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#1 k.s110  Icon User is offline

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Private Public key quesiton

Posted 25 February 2013 - 05:10 PM

For the following question I selected the answer B:

which states that the computer that the data is being sent to which is "B" you require the public key to encrypt it and then the person at the receiving end would use his/her private key to decrypt the data which sounds like B being the only correct way. Please correct me if i'm wrong...got exams coming up just checking my stuff =]


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#2 SpAm101  Icon User is offline

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Re: Private Public key quesiton

Posted 11 March 2013 - 06:23 AM

I'm by no means an expert, but....

The public key used must be B's (otherwise the private key is useless), and so B would be correct, yes.

This post has been edited by SpAm101: 11 March 2013 - 06:26 AM

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#3 jon.kiparsky  Icon User is online

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Re: Private Public key quesiton

Posted 11 March 2013 - 07:22 AM

Please don't use images to post text. Just type it in, it won't kill you.

This is not just me being grumpy:
1. some of us disable images when browsing, for example because we're at work or to avoid distraction
2. The internet is a text-default medium. Any text posted as an image basically doesn't exist (can't be indexed, conveniently read or translated to other forms, etc)
3. Probably most important: there are a lot more people with impaired vision out there. Posting content as text allows them to access it. This is important to you because some of them probably know the thing you're looking to learn. It's also important to you because you want to live in an open society in which access to information is made as broad as possible.
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#4 Momerath  Icon User is offline

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Re: Private Public key quesiton

Posted 02 April 2013 - 08:26 PM

Actually A would work too. Data encrypted with A's private key can be decrypted with A's public key, and it proves that the message came from A (digital signing).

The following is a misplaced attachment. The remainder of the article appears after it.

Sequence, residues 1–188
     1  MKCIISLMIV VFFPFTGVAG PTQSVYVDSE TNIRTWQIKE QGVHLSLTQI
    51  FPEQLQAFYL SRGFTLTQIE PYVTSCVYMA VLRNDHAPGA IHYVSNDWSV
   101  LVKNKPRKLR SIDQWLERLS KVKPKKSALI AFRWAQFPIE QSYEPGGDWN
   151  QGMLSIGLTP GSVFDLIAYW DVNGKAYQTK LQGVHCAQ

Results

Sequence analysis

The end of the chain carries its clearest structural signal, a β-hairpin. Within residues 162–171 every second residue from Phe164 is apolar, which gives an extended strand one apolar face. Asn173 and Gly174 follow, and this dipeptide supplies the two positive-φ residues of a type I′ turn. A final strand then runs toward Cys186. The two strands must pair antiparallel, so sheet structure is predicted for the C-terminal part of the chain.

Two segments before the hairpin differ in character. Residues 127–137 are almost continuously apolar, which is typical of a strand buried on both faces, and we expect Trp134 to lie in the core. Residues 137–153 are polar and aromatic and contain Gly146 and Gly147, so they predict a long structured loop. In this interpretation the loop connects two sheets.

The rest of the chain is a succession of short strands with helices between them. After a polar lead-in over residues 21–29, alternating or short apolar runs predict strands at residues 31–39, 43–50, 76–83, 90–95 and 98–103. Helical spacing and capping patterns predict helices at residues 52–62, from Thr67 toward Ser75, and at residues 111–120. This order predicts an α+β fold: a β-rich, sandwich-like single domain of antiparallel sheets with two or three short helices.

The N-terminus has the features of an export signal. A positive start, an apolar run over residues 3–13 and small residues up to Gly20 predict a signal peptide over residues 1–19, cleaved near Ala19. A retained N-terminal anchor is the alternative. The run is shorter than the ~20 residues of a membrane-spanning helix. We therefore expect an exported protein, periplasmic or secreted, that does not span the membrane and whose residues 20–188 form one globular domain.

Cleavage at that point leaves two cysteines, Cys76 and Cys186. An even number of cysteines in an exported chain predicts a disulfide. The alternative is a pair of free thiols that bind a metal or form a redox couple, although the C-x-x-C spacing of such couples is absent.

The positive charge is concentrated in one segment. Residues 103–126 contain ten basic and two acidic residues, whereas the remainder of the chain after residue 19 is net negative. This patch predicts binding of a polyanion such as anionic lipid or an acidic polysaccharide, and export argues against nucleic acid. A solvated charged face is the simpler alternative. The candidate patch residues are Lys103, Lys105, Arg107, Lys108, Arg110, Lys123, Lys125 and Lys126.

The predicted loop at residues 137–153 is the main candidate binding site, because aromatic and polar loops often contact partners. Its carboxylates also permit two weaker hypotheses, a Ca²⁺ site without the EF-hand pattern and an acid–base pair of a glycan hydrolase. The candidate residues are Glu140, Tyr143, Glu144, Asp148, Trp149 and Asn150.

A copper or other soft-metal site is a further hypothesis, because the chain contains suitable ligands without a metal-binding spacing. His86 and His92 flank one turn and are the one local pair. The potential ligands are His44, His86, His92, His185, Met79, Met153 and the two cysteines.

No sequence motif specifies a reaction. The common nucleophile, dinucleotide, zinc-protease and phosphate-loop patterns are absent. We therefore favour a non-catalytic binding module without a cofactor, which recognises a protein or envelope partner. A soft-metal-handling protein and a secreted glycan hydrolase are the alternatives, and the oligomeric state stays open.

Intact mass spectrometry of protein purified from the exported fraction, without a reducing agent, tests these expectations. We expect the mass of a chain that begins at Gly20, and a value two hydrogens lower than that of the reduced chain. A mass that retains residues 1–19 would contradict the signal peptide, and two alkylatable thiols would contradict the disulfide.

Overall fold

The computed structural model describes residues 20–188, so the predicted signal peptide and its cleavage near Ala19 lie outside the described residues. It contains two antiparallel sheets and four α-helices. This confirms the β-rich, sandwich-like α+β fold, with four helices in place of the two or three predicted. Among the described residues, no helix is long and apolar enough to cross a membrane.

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#5 sepp2k  Icon User is offline

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Re: Private Public key quesiton

Posted 03 April 2013 - 03:16 AM

View PostMomerath, on 03 April 2013 - 05:26 AM, said:

Actually A would work too. Data encrypted with A's private key can be decrypted with A's public key, and it proves that the message came from A (digital signing).


The question wasn't about signing though (and the terms "encrypt" and "decrypt" aren't usually used in that context as far as I am aware). It was about encryption. In an encryption scheme the public key is used to encrypt and the private key is used to decrypt.

For signing it makes sense that only the owner of the key can sign using it, but everyone can verify the signature. For an encryption scheme it would make absolutely no sense if only the owner of the key could encrypt messages, but everyone could read them. If everyone can read the encrypted messages, there'd be no point in encrypting them in the first place.
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#6 baavgai  Icon User is offline

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Re: Private Public key quesiton

Posted 03 April 2013 - 03:56 AM

View PostMomerath, on 02 April 2013 - 11:26 PM, said:

Actually A would work too. Data encrypted with A's private key can be decrypted with A's public key, and it proves that the message came from A (digital signing).


Not really. Public keys encrypt, private keys decrypt. You're assuming there is a symmetry in the algorithm used, which can't be inferred.

In a conversation, only public keys are shared; ever. Only A would have A's private key, so there is no conversation.
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#7 Momerath  Icon User is offline

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Re: Private Public key quesiton

Posted 03 April 2013 - 06:11 AM

From http://en.wikipedia....y_cryptography:

The two main uses for public-key cryptography are:

Public-key encryption: a message encrypted with a recipient's public key cannot be decrypted by anyone except a possessor of the matching private key it is presumed that this will be the owner of that key and the person associated with the public key used. This is used to attempt to ensure confidentiality.

Digital signatures: a message signed with a sender's private key can be verified by anyone who has access to the sender's public key, thereby proving that the sender had access to the private key and, therefore, is likely to be the person associated with the public key used. This also ensures that the message has not been tampered with (on the question of authenticity, see also message digest).